Comprehension sessions focus on building the children’s knowledge of the world. These sessions begin with the class novel, using it as a stimulus for discussion and meaningful thought, and bring in a range of different fiction and non-fiction that links with themes within the class novel as the week progresses. This allows the children to develop contextual knowledge and understanding and create patterns of understanding that can be applied to a range of reading. We use the VIPERS approach to develop an understanding of the specific comprehension domains, and children are introduced to these from an early age by identifying each domain with a corresponding representation (The Dovecote Reading Dogs).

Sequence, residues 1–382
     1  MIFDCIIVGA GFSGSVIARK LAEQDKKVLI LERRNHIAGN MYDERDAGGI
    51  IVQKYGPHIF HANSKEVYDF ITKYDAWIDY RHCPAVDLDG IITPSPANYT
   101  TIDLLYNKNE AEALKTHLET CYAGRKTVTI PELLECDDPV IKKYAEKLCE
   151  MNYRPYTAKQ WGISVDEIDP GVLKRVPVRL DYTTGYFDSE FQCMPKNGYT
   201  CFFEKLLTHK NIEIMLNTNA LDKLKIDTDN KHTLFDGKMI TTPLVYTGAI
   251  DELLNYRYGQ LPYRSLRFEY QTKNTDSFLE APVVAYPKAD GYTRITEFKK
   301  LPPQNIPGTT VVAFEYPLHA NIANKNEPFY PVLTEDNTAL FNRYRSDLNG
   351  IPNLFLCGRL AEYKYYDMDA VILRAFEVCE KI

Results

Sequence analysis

In our curriculum of class novels, we endeavour to provide the children with challenging books that explore many themes and big ideas, reflect the realities of the world we inhabit, and build on the children’s cultural capital. Books are carefully selected around 6 big ideas that run through the learning at Dovecote: Knowing right from wrong, Diversity, Conservation & sustainability, Friendships & relationships, Exploration & discovery, and Changes over time. We also incorporate Doug Lemov’s theory of the 5 plagues of the reader into the selection of the books, which states that there are 5 types of texts that children should have access to in order to successfully navigate reading with confidence. These are complex beyond a lexical level and demand more from the reader than other types of books (Lemov 2016).